In general, ride at HRs near VT1, but to burn more calories and go faster, ride somewhere between your VT1 and VT2 HRs, say halfway between. You'll find that to be more tiring and more necessary to turn a faster cadence to keep that up. It's not necessary to know your max heart rate, only your VT1 and VT2 HRs.
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Old 12-28-19, 05:03 PM
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Originally Posted by Carbonfiberboy View Post
The calculator I use says 130w for 16 mph and 180 for 18. That latter is way too high for me, but I'm more aero than the average for some reason.
I looked at a couple of flat 17mph rides and itís typically 175-200W.
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Old 12-28-19, 05:07 PM
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56 rpm is pretty low. and using that 11t cog all the time will wear it out. But more importantly, you will wear your knees more.

each person is different, but typically 80-100 rpm is normal cadence for regular riding. Occasionally people will go above or below that band - for short period of time.

I started out with low cadence, but upped it to ride from 80-100. i only occasionally look at the meter. I noticed on my fatbike I end up on a lower cadence than on my hybrid. this may be related to the different geometry.
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Old 12-28-19, 08:59 PM
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Synack42, I hope the variety of input from various members and their posts has been helpful for you.

IMO bottom line is an average cadence of 56 on the flats or the flats with moderate climbing tossed in is absolutely positively way too low for a healthy cyclist. (Fit or unfit.)

Most experienced or serious recreational riders will agree that cadence is certainly individualistic. But...the overwhelming majority will agree on what the window for an acceptable cadence is. I think the best and most liberal broadest statement is individual sustained or average cadence variance is 70-100. A bit more narrow, and in my opinion applicable to the majority of serious recreational riders is 80-100 with the narrowest range 90-100.

Good luck on finding what's best for you. Ride safe and have fun riding.
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Old 12-28-19, 09:51 PM
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That Strava data is really spiky. If I saw that after a ride I'd bet on glitches in the log due to data and/or GPS sync errors. I'd repeat the ride, preferably using two fitness/tracking apps (assuming the sensors will share data).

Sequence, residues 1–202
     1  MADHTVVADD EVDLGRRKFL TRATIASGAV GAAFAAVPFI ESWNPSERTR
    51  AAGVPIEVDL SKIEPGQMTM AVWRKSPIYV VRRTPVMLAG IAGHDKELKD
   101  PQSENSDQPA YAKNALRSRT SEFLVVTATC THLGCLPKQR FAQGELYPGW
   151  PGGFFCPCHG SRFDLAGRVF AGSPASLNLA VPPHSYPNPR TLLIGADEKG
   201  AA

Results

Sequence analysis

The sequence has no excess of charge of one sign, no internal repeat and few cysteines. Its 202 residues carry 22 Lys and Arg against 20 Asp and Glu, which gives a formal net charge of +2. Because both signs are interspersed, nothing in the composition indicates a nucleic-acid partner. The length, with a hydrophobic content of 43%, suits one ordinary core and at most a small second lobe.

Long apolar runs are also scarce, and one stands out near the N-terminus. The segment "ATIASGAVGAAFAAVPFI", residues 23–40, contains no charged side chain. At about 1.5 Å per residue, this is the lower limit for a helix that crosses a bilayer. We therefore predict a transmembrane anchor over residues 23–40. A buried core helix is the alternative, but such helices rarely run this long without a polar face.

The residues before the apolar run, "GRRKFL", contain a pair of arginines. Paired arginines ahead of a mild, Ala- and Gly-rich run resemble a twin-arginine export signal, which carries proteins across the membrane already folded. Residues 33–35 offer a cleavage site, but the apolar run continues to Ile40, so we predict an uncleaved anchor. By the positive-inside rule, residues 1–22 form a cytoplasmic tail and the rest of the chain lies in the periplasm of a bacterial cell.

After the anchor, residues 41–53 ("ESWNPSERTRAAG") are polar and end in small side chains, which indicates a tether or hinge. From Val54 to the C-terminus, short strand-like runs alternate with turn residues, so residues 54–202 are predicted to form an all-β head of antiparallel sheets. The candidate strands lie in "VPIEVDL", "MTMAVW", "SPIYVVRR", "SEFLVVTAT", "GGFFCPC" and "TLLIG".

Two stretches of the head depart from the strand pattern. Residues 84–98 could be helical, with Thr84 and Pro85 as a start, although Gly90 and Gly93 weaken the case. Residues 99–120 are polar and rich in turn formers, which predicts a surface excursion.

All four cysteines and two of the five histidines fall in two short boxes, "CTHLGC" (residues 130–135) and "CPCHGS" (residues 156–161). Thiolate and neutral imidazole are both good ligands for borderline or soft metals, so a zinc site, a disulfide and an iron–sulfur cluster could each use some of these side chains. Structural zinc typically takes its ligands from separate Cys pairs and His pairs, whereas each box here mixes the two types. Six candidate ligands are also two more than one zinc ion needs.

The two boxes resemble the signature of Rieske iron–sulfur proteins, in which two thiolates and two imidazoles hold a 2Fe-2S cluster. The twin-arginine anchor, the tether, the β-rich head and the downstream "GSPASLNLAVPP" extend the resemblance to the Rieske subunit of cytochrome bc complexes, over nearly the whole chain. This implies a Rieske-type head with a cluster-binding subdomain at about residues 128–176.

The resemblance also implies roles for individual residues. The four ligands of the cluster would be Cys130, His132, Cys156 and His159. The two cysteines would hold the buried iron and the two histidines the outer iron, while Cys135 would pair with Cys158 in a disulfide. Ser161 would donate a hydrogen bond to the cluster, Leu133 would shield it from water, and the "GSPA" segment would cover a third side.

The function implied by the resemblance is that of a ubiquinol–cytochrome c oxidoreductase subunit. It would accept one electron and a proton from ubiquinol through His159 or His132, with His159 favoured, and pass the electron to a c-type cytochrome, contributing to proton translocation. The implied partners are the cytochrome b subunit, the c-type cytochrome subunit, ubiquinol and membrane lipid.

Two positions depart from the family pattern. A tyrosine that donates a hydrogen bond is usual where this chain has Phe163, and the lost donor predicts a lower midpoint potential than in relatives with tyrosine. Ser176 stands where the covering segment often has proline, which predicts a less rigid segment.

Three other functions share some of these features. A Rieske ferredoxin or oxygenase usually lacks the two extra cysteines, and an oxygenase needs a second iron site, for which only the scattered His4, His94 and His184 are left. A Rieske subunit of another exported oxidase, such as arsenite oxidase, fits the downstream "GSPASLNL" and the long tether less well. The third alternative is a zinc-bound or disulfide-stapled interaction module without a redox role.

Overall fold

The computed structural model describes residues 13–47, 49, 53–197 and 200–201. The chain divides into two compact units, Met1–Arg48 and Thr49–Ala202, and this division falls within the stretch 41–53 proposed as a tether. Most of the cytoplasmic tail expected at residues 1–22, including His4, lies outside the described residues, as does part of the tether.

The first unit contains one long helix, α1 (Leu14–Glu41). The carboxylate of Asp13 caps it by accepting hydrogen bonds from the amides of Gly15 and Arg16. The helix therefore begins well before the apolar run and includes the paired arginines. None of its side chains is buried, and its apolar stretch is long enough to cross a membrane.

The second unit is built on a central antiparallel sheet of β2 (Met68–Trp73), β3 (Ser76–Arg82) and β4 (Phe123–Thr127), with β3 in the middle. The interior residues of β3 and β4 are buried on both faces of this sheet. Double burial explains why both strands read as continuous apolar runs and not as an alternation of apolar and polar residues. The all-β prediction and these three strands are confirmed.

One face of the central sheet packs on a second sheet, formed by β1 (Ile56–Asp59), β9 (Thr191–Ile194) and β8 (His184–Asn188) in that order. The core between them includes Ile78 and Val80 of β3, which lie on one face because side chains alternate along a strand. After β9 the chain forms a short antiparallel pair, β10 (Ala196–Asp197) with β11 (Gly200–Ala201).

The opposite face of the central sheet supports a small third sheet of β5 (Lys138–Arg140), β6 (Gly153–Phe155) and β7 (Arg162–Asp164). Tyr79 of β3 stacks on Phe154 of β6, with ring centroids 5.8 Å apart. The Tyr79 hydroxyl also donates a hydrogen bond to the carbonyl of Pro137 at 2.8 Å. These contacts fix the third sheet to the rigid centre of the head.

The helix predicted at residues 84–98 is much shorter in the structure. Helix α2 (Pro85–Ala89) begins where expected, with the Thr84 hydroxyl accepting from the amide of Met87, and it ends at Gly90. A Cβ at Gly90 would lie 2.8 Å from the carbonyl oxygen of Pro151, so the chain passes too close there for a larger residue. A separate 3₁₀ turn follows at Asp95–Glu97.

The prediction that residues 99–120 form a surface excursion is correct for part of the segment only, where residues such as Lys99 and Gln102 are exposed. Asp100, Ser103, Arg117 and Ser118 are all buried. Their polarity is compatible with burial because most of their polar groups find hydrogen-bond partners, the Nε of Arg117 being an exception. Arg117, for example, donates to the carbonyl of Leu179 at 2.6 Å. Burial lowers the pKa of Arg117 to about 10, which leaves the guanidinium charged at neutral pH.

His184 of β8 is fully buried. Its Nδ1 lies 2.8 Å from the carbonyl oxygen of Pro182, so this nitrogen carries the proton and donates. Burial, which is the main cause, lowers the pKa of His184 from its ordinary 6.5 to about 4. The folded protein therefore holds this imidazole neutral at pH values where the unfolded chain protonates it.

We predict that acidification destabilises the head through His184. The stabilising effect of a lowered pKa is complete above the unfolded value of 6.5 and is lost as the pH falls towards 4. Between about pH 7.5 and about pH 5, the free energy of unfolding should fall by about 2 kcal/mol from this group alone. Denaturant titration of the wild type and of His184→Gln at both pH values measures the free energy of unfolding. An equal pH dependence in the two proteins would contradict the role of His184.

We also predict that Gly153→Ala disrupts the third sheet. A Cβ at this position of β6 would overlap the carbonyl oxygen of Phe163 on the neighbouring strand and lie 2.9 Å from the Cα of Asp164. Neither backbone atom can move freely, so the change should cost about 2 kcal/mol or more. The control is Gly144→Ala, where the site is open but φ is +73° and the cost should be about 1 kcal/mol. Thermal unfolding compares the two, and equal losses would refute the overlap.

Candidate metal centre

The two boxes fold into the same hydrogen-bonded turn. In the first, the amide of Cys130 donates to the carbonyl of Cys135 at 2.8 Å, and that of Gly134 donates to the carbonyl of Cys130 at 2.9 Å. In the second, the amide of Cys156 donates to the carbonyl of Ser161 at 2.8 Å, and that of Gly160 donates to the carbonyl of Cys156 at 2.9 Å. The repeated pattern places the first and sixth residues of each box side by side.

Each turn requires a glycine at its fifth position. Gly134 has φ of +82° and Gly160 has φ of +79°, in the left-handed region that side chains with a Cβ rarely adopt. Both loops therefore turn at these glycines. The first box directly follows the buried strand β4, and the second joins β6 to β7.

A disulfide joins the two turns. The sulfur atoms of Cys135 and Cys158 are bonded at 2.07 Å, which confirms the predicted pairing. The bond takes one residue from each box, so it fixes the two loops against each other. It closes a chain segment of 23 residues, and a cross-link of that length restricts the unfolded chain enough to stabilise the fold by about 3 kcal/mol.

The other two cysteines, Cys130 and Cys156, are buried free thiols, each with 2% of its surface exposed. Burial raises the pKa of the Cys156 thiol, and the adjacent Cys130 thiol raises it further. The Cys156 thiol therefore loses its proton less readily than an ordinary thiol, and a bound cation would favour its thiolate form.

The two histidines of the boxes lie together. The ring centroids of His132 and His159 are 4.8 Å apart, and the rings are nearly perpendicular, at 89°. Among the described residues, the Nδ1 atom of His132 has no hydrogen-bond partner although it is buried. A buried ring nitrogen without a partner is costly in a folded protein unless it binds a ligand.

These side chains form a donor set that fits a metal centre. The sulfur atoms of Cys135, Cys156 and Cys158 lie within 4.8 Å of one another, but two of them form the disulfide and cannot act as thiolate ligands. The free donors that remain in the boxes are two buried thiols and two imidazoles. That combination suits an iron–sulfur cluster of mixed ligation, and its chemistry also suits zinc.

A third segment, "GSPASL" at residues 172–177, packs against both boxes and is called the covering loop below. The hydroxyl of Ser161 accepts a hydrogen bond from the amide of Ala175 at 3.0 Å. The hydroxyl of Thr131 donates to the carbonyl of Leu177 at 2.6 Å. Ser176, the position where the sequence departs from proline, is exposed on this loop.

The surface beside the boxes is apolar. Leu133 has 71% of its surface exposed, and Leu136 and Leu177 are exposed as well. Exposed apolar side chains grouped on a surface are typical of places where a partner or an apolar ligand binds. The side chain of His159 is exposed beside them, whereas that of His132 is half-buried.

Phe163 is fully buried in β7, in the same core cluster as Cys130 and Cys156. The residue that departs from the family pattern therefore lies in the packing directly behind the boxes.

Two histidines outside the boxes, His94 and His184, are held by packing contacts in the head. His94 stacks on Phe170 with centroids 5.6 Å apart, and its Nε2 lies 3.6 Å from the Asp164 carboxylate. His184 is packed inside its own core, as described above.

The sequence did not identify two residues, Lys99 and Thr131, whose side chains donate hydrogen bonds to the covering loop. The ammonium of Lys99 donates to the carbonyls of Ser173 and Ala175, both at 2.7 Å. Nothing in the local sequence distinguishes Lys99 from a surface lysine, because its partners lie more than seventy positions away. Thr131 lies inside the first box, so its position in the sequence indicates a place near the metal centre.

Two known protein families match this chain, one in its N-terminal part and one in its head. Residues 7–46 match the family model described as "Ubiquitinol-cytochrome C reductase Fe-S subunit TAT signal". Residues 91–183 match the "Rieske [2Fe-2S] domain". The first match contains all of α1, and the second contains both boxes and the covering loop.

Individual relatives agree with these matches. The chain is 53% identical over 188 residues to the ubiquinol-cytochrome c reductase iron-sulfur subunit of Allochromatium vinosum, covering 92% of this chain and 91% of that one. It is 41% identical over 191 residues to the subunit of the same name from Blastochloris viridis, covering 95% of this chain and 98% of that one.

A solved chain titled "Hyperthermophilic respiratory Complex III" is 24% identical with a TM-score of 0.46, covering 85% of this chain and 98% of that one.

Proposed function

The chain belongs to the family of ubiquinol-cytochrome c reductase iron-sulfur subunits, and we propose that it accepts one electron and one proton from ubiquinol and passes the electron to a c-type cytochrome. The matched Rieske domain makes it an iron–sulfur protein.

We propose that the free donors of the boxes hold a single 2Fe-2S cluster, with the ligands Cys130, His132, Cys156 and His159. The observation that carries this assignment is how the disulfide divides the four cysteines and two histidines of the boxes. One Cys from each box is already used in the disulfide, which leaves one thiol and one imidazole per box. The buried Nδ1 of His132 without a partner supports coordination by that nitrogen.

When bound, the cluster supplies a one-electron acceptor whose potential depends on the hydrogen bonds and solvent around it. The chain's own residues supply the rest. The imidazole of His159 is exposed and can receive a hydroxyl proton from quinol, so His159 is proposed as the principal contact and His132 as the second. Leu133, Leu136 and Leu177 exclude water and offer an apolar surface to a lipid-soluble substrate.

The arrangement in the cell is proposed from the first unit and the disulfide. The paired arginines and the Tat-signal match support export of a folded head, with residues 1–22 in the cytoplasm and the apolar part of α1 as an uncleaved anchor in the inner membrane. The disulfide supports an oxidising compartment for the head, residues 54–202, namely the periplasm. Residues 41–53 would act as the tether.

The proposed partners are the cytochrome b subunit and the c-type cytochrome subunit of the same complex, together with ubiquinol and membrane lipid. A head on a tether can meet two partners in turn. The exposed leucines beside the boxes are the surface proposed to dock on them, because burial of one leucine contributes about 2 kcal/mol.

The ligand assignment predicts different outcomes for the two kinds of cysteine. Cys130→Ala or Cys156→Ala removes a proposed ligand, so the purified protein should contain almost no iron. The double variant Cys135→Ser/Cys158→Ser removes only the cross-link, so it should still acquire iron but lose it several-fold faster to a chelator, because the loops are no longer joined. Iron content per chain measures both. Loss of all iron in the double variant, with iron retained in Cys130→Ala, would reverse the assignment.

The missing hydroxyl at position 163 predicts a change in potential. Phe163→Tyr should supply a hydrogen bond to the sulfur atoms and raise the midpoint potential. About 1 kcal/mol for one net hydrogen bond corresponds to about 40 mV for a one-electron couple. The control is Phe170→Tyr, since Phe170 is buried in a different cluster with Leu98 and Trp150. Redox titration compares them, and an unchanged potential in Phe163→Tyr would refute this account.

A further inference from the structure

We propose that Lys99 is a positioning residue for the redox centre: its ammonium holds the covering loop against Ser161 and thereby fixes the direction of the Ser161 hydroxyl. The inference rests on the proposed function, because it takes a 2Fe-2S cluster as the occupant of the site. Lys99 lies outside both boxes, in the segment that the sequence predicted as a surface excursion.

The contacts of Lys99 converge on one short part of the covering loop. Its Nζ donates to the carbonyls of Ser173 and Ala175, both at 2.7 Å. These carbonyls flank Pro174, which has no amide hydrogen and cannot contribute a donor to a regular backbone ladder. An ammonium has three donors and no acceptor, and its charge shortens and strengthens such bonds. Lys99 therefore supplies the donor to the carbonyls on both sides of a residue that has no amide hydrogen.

Over the past few years I've used Strava (when it supported sensors), Wahoo Fitness, Cyclemeter and others. Occasionally they differed a bit but overall they were pretty close. So whenever I spotted unusual power estimates I could tell it was a glitch in the GPS sync or sensor. Before Strava smoothed out GPS sync errors by default it wasn't unusual to see a straight line between points where GPS sync was lost and reacquired. A couple of years ago that was pretty common, and Cyclemeter did a better job of guesstimating my most likely road route, rather than showing me flying in a straight line through fences and across miles of open prairie.

And my various speed and cadence sensors, ANT+ and Bluetooth, often show some glitches. RFI, EMI and other factors can occasionally interfere and cause data glitches. Typically it's a clash between our own bike doodads -- LED headlights in particular can interfere with sensors. Separating them by a couple more inches can help. Sometimes the problem is the surrounding environment and there isn't much we can do about it other than ride someplace else.

If I rode 17 miles at 16-17 mph on flat terrain, Strava's power estimate would be around 120-135 Watts. It would vary a bit depending on what I entered as my own weight and bike weight. But it wouldn't be anywhere near 293 Watts. I know guys who can average that and I'm quickly shelled off the back on group rides. They're churning out 290-300 Watts at 23-24 mph on the same flat course, measured with power meters. That's consistent over many runs, including back and forth rides that over time balance out the effect of wind (predominantly from the south in our area but often shifting from the north in spring and winter).

Last edited by canklecat; 12-28-19 at 10:54 PM.
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Old 12-28-19, 10:51 PM
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Regarding cadence, go with whatever works for you. If low cadence in big gears feels right and doesn't cause injuries, it can't be wrong. Especially if you're getting the results you want.

For years I've been a spinner, naturally averaging 90 rpm like clockwork. But in August this year I shifted gears, literally, and switched to more low cadence, big gear efforts. I was very careful to maintain good form and stay well within my aerobic limits to give the legs plenty of time to adapt. It's been working. I've equaled or surpassed my best times on several Strava segments, without pegging my heart rate as I usually do when spinning.